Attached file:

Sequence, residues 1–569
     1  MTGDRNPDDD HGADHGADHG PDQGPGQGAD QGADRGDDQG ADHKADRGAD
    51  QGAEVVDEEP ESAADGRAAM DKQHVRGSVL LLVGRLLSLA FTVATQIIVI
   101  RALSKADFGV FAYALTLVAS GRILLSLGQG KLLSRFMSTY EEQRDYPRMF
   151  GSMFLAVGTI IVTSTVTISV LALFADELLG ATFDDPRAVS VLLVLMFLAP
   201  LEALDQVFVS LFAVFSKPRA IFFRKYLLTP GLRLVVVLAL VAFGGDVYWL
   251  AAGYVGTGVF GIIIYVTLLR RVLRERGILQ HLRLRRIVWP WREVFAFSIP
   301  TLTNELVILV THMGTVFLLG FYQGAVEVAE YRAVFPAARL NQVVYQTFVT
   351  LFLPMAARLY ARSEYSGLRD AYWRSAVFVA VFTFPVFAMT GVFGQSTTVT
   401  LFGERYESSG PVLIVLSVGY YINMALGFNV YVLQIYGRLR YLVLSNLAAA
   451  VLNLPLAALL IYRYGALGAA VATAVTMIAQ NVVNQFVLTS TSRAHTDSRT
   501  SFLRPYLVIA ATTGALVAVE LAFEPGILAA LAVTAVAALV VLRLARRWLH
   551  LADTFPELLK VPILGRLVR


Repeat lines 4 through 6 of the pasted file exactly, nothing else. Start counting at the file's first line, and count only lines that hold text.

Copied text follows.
   101  RALSKADFGV FAYALTLVAS GRILLSLGQG KLLSRFMSTY EEQRDYPRMF
   151  GSMFLAVGTI IVTSTVTISV LALFADELLG ATFDDPRAVS VLLVLMFLAP
   201  LEALDQVFVS LFAVFSKPRA IFFRKYLLTP GLRLVVVLAL VAFGGDVYWL